In his later years he wrote a monthly column called ‘Grave Concerns’ for Natural Stone Specialist magazine, becoming a popular columnist and answering questions sent in by the trade, cemetery officials and by the bereaved. Eric Bignell, the Editor of the magazine, says: "So sad to hear the news about David. He was always so knowledgable and would deal with enquiries, especially from the bereaved, with kindness and compassion as well as with authority.
"He also answered questions for those in the memorial trade, advising them on all sorts of issues about stones, paints, fixings, lifting, and more, and advised cemeteries about such concerns as the testing of memorials for safety, providing foundations, health & safety, adding subsequent inscriptions and the like. His hands-on experience of the memorial industry meant all his down-to-earth advice was based on the sagacity of having done it. He didn't only know; he knew how. His contributions were a great asset for the magazine and it was always a pleasure to work with him."
Anyone who met David would quickly realise he was an absolute font of knowledge. He was extremely popular throughout the memorial and stone industry and his relaxed, friendly manner made him a pleasure to work alongside.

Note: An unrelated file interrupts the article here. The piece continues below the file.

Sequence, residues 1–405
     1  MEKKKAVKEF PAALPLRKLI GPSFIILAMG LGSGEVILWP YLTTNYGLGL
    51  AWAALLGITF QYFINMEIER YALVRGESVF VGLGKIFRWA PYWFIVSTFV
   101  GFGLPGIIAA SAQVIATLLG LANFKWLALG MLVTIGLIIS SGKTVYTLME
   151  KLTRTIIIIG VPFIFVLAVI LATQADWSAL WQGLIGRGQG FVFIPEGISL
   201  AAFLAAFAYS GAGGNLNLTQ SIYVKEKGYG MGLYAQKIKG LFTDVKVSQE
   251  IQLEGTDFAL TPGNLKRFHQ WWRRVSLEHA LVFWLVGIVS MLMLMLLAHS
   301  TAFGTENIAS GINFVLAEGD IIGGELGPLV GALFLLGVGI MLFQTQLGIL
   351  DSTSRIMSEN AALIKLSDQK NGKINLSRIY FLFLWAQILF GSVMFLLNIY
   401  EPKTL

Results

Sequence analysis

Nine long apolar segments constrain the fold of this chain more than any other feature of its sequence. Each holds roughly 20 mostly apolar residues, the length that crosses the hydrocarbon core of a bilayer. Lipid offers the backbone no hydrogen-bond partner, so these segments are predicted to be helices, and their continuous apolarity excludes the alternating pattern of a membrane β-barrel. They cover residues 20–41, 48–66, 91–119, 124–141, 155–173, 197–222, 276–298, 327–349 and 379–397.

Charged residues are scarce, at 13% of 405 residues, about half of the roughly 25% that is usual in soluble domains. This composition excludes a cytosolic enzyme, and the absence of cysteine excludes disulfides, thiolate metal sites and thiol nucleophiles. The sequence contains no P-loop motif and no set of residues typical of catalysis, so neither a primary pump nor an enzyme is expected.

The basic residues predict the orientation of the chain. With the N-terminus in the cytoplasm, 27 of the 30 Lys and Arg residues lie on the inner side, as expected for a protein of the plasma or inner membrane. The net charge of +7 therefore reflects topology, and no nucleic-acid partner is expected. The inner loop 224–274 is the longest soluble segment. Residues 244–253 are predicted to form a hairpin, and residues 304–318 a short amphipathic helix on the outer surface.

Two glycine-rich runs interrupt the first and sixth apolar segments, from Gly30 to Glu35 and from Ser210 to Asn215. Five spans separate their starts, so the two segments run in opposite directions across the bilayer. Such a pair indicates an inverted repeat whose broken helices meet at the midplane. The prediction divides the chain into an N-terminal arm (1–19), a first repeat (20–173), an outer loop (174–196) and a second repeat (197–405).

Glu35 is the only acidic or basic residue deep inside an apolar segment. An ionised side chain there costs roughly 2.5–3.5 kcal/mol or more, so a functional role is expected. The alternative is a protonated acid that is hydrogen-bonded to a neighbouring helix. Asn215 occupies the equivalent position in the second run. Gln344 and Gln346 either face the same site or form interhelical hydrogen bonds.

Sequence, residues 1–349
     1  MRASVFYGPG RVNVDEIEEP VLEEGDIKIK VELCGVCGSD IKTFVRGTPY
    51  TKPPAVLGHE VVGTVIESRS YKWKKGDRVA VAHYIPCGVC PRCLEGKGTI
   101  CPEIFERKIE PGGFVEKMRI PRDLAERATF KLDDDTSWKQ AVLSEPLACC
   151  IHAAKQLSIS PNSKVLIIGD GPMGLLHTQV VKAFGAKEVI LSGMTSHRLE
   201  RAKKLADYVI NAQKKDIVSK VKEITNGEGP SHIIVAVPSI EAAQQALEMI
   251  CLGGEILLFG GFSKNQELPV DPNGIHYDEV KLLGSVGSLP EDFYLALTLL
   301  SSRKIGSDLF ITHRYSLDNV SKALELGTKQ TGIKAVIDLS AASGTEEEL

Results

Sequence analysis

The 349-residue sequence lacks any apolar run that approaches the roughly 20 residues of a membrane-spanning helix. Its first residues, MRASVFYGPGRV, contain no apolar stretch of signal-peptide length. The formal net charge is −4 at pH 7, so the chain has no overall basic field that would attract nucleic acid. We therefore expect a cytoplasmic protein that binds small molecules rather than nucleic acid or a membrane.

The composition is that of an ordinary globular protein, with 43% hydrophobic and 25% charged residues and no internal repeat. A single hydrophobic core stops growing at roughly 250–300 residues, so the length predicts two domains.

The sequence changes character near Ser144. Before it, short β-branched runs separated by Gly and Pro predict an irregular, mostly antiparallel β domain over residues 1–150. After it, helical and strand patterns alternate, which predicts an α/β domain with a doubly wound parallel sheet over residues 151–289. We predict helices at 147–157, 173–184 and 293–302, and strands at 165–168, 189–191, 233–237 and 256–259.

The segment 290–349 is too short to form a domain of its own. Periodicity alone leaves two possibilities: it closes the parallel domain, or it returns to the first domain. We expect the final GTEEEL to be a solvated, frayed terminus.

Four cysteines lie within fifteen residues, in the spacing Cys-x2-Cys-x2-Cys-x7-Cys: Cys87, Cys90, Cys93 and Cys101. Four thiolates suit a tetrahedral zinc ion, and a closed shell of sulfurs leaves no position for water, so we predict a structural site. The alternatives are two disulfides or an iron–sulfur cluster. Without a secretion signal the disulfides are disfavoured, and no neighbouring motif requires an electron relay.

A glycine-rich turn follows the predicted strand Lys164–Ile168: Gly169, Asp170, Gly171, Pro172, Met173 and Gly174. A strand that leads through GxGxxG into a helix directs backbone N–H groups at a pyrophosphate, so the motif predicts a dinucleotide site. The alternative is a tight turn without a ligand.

David was still delivering training courses and taking part in restoration work when he was well into his seventies. He is a great loss to the industry.
Lately he had suffered from poor health. He had survived two strokes and finally succumbed to Covid-19, passing peacefully on 7 August, although his legacy lives on in the many training courses he developed. His skills and methods of working are still being taught today as they are passed on to the next generation of stonemasons.
David is survived by his wife Pam, daughter Sara, son Andrew and his grandchildren Ben and James.
A celebration of the life of David Francis takes place on Thursday 26 August at 3.15 in Tunbridge Wells Crematorium and afterwards at Dale Hill Golf Club for refreshments.
David is pictured below running a training course at Abbney Park cemetery in London in September 2013.